April 2012

Comunity traditions

With a tradition of great leaders among its alumni ranks, including  Winston Churchill, Lord Byron, Pandit Nehru and Richard Curtis, it’s no wonder why Harrow School is an institution famous for its toptier education. Its Beijing branchis no exception, known widely for readying pupils for academic success. But what separates the Beijing branch of Harrow from other schools are the tight-knit communities it cultivates for both students and parents. We spoke with Matthew Farthing, the Headmaster at Harrow International School in Beijing, about this unique network, how international schools fit into China and the importance of learning from students.

 Q: When did you first come to Beijing, and what are your responsibilities as Headmaster?

I came in 2004 and I spent one year getting licenses and securing a building and setting up the school, which opened then in 2005. One primary responsibility is to maintain the vision and the values of the school, and to ensure that they’re properly communicated and implemented in the everyday operations. I always look after pupil and staff welfare; but I also leave staff properly empowered to get on with their jobs.

 Q: What kind of curriculum changes do international schools make when opening a branch in China? How different can the curriculum be?

Even though we work from a British national curriculum, we are aware teaching about Vikings and Normans might not be so relevant to predominantly Asian communities in the middle of Beijing. But when you look at the skills that are developed when you’re studying Vikings and Normans and their patterns of migration in medieval Europe, you can actually look at the topic of migration and apply that into a more local environment. You can talk with the children about their own backgrounds and where their families are from, where they’ve moved. It’s about making things more relevant, starting with the base of who the children are in the class.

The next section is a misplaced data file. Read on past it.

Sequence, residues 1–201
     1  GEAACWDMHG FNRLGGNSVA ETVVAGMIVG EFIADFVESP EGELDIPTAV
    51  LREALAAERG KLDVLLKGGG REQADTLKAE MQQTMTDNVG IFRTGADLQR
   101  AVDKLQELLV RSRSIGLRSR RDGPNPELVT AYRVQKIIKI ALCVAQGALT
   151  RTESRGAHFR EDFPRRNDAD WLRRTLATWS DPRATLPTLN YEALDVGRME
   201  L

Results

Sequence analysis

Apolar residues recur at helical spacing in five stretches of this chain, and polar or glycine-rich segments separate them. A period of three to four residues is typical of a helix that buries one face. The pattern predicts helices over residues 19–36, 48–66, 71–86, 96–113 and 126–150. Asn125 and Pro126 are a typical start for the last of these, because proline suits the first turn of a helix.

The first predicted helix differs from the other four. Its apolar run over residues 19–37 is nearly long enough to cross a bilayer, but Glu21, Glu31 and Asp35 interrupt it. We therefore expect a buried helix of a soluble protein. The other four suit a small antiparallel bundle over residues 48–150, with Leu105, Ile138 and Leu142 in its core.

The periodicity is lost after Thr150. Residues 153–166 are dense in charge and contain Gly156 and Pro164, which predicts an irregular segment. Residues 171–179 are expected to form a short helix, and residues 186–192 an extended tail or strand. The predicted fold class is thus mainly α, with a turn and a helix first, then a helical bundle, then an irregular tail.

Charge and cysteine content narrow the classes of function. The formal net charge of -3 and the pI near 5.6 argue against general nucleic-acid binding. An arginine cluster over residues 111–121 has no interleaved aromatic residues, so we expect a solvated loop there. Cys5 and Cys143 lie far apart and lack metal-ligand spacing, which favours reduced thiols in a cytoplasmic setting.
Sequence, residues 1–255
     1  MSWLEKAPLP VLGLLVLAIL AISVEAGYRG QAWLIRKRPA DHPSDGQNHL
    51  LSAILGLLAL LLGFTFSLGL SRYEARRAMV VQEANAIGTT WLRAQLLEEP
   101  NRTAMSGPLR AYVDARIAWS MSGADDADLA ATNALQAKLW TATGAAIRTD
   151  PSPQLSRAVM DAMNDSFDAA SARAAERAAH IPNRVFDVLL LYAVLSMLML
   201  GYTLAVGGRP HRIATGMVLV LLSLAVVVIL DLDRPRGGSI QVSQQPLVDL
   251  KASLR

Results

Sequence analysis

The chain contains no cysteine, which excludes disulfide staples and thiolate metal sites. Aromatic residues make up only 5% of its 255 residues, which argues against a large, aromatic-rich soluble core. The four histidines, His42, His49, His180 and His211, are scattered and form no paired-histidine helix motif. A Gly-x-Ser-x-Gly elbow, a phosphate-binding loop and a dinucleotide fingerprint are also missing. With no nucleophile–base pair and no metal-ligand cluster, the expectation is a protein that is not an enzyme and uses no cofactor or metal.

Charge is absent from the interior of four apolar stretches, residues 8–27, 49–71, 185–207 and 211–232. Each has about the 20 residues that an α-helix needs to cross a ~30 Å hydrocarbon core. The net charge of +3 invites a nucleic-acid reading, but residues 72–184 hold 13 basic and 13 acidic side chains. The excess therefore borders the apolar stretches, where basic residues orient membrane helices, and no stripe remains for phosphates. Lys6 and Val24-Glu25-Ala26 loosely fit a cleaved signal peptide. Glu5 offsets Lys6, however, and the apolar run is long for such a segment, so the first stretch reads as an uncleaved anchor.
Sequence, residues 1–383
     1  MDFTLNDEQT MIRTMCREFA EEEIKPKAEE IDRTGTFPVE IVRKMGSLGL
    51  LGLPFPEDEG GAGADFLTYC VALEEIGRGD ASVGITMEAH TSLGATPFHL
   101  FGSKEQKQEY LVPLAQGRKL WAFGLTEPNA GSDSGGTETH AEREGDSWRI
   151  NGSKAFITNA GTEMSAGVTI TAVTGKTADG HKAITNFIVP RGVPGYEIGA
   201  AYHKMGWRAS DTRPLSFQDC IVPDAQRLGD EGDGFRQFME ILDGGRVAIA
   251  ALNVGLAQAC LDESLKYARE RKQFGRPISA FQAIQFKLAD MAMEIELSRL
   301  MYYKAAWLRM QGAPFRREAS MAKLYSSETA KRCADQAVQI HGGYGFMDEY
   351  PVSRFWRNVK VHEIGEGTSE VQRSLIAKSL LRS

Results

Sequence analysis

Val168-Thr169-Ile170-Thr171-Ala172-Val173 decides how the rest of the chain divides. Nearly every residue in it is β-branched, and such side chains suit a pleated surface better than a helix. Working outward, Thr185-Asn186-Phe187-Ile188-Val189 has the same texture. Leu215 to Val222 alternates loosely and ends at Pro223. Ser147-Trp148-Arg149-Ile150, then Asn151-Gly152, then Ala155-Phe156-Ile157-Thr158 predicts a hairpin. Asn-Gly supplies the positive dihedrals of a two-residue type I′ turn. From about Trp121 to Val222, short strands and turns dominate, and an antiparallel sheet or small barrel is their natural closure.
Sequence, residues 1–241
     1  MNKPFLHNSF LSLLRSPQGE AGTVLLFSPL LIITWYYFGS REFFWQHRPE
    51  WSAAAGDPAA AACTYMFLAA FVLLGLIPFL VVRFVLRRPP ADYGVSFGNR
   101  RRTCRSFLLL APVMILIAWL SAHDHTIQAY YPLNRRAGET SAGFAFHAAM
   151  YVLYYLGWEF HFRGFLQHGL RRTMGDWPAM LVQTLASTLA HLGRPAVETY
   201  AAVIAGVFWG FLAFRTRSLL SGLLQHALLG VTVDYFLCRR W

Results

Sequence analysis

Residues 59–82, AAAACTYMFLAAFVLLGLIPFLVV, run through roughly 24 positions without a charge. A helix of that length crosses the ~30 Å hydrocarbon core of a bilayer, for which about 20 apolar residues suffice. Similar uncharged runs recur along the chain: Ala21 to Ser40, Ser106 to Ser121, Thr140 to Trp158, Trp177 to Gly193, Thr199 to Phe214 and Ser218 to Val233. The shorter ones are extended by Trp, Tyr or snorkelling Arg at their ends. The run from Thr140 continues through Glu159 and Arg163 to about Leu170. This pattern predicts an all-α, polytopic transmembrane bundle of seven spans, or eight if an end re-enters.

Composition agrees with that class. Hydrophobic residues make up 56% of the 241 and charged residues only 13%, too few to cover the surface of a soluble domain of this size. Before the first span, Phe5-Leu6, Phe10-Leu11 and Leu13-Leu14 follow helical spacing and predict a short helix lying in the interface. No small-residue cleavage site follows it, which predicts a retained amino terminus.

Q: How does Harrow fit intothe local and expatriate communities in Beijing?

We have a very strong Friends of Harrows Parent Association. Parents make friends with each other through the way their children meet at school. If you did a study of the social life of expatriates, I wouldn’t doubt that they’ve met other families through their children. In that sense, the school does have an important social function there. We do value the importance of developing a community, especially working more closely with the local community as well.

Q: How does Harrow empower students to learn and reach their full potential?

A sense of community is so important, and it comes out of a good school. Earlier this week, I was in a lunch session at the mathematics department. It was a peer-to-peer learning activity, where students can get referred to for tutoring. The older students manage it; so they bring in students in math who are taking A-Level mathematics, and they pair them with children who are having difficulty in, for example, year eight. Then they sit together and work together on their math work. Looking in this week, I was amazed at the intensity of learning that takes place. I really do think we underestimate how much young people learn from each other; and it’s truly a great experience for the older students to be teaching the younger ones.